- compatibility: their S/MIME solutions works well with other solutions based on S/MIME. The OME solution is able to send an encrypted email to a client based on another email provider, but it cannot receive back encrypted emails. The way it does it is through a MSFT portal where the receiver can either login either enter a OTP and get access to that email. As you can see, this is not end to end encryption, but at most from your device to MSFT’s portal.
- S/MIME downsides: S/MIME encryption works end to end and it will scramble the contents of the email, meaning that any tool you have in between those two ends, such as tools that look for broken policies, phishing or malware, won’t be able to match the text so they won’t work (unless you replace them with another MSFT solution and give up encryption at their point). Also, S/MIME certificates are not free as the domain ones can be. Their cost can start around 40$ per user per year.
- OME downsides: as specified above, when one of the end does not use MSFT email products, they won’t be able to receive encrypted replies. For this one, a subscription is needed to Azure RMS, which cost around 1.5$ per user per month.
- Anti-Spoofing Protection downsides: a subscription is needed for this one as well, about the same amount as the above one. Also, as it looks mostly for domain authentication and IPs rather than usernames, it does not work to prevent domain phishing attacks when the attacker is an insider.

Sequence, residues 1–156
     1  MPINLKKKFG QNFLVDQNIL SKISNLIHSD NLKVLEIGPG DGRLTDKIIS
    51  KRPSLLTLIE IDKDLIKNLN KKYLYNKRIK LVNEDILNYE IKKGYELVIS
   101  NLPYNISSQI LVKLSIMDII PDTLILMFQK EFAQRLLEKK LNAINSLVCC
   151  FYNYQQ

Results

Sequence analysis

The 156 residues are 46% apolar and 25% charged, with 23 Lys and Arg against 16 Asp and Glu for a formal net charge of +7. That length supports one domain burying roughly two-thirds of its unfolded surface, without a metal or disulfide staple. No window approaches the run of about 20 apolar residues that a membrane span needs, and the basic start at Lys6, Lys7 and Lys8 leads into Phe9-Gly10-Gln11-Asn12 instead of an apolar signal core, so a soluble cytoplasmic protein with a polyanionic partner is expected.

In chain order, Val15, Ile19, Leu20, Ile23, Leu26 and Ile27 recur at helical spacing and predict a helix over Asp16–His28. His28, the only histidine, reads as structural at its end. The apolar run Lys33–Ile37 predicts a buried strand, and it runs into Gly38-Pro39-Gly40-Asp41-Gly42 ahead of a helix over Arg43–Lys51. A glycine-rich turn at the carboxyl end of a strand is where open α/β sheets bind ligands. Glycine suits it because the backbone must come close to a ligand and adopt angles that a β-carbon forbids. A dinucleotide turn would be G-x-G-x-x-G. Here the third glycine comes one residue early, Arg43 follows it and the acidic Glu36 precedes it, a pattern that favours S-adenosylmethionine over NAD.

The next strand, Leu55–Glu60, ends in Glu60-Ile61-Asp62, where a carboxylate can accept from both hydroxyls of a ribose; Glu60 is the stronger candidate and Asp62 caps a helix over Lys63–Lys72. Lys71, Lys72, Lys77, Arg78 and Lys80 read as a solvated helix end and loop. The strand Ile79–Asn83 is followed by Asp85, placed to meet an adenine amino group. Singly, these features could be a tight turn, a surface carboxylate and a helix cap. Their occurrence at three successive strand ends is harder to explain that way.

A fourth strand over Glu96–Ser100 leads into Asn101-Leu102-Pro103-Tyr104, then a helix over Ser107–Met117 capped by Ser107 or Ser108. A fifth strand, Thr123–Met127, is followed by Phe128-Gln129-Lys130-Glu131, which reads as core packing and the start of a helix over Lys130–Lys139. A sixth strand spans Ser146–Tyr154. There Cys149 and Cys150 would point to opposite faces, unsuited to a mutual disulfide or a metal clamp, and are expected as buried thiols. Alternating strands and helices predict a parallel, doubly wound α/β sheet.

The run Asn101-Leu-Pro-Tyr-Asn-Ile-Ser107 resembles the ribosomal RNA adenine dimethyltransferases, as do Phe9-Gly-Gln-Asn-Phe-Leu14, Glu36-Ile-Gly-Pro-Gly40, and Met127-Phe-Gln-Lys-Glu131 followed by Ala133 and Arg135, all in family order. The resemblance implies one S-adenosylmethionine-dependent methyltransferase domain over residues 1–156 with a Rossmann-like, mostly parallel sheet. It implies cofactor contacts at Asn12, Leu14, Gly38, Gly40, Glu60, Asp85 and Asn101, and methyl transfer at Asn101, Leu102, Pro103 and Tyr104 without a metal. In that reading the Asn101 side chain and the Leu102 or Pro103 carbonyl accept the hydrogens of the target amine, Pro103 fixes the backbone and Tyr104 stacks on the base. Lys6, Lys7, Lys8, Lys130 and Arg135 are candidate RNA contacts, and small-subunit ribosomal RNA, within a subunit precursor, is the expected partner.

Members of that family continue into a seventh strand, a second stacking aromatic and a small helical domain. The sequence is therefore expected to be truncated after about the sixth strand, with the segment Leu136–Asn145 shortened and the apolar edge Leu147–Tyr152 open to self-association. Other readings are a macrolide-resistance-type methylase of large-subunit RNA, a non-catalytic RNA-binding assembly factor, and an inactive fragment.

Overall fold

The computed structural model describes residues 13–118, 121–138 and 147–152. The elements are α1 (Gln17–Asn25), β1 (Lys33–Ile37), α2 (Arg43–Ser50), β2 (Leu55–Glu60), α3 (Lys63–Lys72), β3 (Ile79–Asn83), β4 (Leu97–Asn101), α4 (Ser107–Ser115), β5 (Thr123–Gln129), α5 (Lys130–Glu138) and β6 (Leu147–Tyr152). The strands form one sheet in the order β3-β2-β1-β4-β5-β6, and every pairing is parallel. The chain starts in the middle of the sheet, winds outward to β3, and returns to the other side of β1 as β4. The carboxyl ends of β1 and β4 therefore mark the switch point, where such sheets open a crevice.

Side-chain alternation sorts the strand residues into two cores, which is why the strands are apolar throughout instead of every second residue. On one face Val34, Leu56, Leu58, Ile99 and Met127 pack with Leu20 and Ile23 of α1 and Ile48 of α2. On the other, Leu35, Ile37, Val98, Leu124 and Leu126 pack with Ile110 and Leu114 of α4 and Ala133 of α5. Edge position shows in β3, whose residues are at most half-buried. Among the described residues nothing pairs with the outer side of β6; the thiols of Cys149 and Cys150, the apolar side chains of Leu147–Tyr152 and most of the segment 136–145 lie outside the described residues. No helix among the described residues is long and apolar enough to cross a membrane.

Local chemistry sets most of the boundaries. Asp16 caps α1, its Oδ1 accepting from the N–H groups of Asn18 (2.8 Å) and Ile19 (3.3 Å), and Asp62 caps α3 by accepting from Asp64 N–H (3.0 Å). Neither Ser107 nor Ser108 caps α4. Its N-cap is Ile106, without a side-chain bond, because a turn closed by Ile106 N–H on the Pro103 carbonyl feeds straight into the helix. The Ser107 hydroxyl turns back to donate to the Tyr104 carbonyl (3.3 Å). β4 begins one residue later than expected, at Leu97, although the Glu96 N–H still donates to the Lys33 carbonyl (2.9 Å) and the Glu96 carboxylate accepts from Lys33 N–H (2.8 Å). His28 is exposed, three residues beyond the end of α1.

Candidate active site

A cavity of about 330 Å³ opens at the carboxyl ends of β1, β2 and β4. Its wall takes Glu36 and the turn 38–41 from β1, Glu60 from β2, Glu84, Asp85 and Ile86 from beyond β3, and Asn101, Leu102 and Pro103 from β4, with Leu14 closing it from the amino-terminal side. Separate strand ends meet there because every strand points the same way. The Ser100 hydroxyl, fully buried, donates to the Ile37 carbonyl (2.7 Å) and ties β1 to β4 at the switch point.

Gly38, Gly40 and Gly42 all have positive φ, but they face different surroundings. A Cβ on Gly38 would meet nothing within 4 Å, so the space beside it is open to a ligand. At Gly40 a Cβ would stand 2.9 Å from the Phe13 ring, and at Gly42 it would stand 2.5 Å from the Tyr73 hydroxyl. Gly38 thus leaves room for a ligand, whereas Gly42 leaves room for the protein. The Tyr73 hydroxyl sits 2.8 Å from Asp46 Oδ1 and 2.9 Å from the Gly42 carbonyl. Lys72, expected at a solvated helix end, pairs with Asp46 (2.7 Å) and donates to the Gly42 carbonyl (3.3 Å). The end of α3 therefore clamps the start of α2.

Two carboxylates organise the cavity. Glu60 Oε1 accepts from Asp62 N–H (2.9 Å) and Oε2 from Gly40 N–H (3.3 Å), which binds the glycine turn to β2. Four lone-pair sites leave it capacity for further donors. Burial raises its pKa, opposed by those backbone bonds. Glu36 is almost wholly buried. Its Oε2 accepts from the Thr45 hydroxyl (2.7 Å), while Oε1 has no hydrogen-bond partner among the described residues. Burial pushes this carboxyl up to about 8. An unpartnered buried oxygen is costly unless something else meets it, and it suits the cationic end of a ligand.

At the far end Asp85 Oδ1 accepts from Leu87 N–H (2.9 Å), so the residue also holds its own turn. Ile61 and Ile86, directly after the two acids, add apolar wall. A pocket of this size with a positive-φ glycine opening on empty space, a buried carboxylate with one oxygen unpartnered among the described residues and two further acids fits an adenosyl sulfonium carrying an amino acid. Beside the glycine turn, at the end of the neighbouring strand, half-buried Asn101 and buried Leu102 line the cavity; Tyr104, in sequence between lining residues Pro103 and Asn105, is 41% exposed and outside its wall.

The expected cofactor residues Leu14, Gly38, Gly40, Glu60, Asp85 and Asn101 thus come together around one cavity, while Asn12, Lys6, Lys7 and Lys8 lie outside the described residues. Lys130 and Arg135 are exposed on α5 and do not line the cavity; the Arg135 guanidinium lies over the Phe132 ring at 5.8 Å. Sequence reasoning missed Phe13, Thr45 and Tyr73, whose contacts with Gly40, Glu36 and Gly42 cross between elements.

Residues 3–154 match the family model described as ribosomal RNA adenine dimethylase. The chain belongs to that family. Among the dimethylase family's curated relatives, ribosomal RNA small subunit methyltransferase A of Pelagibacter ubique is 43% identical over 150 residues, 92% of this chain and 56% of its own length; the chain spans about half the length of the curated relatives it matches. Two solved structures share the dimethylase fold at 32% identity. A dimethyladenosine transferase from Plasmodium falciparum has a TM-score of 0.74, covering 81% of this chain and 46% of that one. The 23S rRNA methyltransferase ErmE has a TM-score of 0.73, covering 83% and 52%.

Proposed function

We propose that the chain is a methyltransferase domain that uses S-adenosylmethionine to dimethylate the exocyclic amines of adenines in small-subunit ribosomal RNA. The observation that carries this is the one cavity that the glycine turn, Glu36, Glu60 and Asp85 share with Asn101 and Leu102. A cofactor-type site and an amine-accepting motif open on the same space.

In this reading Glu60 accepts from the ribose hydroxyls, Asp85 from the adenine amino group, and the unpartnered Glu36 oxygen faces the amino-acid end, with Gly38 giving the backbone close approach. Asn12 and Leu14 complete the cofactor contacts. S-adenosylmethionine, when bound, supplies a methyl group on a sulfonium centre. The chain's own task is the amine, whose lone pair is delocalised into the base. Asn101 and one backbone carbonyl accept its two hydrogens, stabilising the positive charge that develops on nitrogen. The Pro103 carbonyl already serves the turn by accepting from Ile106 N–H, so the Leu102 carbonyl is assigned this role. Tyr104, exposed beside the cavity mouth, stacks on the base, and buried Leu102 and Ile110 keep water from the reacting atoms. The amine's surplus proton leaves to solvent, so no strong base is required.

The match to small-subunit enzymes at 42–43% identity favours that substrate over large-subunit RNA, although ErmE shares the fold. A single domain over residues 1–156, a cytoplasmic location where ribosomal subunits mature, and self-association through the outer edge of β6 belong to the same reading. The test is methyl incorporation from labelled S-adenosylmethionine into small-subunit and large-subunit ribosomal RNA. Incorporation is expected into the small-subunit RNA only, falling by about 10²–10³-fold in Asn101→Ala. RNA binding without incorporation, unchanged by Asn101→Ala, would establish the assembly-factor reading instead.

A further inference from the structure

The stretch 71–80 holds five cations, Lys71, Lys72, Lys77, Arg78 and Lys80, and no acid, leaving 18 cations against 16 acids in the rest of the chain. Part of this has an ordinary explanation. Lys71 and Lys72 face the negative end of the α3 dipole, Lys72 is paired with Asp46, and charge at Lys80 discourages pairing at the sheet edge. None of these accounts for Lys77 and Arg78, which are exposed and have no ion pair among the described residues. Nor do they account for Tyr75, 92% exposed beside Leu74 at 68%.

5. Final thoughts and yesterday’s questions
- S/MIME certificates costs: if you want to use them internally, such as to know if an employee sent an email or he was impersonated, depending on your domain certificate, you might be able to create these certificates for email usage for free. For external usage, the price is the one mentioned above.
- Domain Typo Squatting: if you’re worried someone will slightly modify the domain name and you would miss it, then this is my answer: if you’re talking about your internal domain, then you could enable S/MIME for it and train your employees to look for the “lock” icon proving that comes from who it should. If the icon is missing, it doesn’t matter if that’s a typo squatting or impersonation or anything else, they shouldn’t trust that email.
- Key length recommendations: these solutions use both symmetric and asymmetric encryption. I you use let’s say AES and RSA, 128 key length is ok for AES (the algorithm versions for the longer ones are vulnerable), 2048 for RSA is good (lower is vulnerable).
- Low adoptance: yes, email encryption and digital signatures are not that common. IT Corporates have it implemented, at least internally. That does not mean you cannot take advantage of them at least for some use cases, such as for internal usage to make sure someone does not trick an employee to do some action like moving money by impersonating another employee. Or if your board uses email to talk about strategies and critical data, ideas, products, you could provide them with a way to encrypt it. Finally, SPF and DKIM already gained a lot of popularity, DMARC is the next one people are trying to address against its setup difficulties. For these ones you don’t depend on the other end of the email conversation doing something on their behalf.
I hope you found this useful and you’d at least keep these standards and solutions in mind for that time when you can address the email security issue. ‘Till next time!